Sara Rathner - NerdWallet's travel and credit card expert

Whenever Apple creates a new product, it gets everyone’s attention, and this year’s launch of the Apple Card is certainly no exception. It caused a lot of consumer excitement, but has also drawn its fair share of scrutiny, first because of its lackluster rewards, and more recently because of allegations of bias in the application process.

Still, the way the Apple Card functions, from application to use, definitely paves the way for how other credit card companies will operate in the future. Consumers rely on their phones for pretty much everything, so a mobile application process and digital card make a lot of sense, even though American consumers have been a bit slower to adopt digital wallets compared to consumers in other countries. Also, Daily Cash and the immediate availability of the card upon approval speak to younger consumers’ desire for instant gratification. Why wait more than a week for a new card, or until the end of a billing cycle to get your cash back?

Reviews of the Apple Card are mixed, but combining some of its features with a card that offers a generous sign-up bonus and more robust ongoing rewards would be huge.

Eric Rosenberg - Finance, travel and tech writer at Personal Profitability

The credit card story with the biggest impact for 2019 and beyond was a cascade of benefits changes from major credit card companies. While it may not have received many headlines, Citi removed most travel and purchase benefits from its cards this year, and it was a big signal from Citi about what it thinks its customers want and what it's willing to spend to keep customers at Citi. Apparently Citi doesn't think credit card benefits are very important, but I would disagree.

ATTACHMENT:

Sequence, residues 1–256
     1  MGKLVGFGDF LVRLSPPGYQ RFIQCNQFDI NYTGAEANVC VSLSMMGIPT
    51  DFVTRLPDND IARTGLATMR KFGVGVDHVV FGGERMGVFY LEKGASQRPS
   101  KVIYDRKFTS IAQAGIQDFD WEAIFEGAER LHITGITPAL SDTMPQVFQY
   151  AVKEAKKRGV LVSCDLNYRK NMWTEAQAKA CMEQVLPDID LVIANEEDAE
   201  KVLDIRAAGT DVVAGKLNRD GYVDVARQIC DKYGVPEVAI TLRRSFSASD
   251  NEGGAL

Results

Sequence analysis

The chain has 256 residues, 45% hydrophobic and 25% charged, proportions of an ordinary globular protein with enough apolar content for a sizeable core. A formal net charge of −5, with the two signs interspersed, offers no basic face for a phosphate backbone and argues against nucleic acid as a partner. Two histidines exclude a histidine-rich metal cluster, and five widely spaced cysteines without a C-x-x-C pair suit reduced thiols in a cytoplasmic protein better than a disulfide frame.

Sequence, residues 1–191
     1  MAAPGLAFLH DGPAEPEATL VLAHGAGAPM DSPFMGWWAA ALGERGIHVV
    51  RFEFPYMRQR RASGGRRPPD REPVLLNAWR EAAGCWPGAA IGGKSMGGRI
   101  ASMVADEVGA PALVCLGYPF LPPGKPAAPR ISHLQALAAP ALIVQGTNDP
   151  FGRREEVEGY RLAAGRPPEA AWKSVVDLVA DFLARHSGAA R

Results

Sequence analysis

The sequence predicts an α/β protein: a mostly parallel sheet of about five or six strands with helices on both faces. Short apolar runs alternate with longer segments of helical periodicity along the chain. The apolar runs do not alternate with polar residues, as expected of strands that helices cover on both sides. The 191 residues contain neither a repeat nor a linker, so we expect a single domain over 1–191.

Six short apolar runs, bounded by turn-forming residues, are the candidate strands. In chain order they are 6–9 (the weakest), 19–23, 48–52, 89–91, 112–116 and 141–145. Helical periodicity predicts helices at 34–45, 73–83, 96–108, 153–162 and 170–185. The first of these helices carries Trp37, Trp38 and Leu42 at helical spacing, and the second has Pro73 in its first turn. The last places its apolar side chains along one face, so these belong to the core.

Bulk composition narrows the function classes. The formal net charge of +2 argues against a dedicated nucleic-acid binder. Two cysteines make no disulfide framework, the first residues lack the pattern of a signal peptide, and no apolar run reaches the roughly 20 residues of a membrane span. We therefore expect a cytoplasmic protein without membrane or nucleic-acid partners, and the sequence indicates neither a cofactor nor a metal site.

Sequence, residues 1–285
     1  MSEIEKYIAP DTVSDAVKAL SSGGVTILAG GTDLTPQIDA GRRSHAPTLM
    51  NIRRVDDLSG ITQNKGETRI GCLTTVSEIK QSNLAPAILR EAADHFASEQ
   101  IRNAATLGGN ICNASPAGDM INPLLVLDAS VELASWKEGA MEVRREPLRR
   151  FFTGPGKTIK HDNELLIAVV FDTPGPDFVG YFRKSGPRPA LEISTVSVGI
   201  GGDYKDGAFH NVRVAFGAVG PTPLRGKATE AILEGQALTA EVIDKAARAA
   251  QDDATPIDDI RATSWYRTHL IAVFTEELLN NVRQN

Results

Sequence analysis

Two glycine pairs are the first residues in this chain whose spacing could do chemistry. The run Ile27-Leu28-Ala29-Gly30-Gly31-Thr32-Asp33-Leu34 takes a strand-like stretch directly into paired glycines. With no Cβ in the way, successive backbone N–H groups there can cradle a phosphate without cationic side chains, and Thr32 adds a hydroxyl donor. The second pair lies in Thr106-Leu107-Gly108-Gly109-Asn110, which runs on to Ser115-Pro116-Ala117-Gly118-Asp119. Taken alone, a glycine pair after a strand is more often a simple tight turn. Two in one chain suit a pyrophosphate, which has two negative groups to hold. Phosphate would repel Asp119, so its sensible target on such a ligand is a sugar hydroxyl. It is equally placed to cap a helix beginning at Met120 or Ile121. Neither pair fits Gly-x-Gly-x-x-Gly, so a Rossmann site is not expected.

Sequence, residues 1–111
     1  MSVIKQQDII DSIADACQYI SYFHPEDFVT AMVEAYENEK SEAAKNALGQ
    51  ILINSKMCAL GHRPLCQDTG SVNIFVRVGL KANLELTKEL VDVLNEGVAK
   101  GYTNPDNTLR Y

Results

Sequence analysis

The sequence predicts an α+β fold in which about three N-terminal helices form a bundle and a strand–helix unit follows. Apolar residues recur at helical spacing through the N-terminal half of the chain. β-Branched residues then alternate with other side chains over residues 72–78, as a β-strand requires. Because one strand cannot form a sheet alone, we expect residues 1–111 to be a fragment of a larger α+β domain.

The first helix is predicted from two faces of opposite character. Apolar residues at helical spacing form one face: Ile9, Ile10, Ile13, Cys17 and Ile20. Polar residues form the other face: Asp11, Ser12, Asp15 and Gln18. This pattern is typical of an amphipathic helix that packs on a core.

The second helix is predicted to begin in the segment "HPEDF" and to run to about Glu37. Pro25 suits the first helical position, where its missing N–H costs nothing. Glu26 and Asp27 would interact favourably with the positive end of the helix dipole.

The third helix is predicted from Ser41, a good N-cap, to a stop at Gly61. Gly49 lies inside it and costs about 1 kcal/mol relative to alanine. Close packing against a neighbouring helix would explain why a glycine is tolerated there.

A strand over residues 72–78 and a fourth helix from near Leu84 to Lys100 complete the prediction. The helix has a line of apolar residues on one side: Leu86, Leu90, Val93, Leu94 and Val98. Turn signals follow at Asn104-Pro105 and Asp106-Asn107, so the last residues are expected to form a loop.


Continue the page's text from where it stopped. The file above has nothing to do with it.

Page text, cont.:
Some other credit card companies had mixed changes to benefits. American Express announced changes to benefits on a handful of cards including added trip delay insurance and, my favorite travel coverage, trip cancellation and interruption insurance. But it cut its extended warranty and purchase protection benefits and removed roadside assistance and travel accident insurance. This puts Amex and Chase jockeying for the best benefits around. If you have cards with Citi or American Express, or plan to get new ones, make sure to pay attention to the benefits and any recent or upcoming changes.

Table of Contents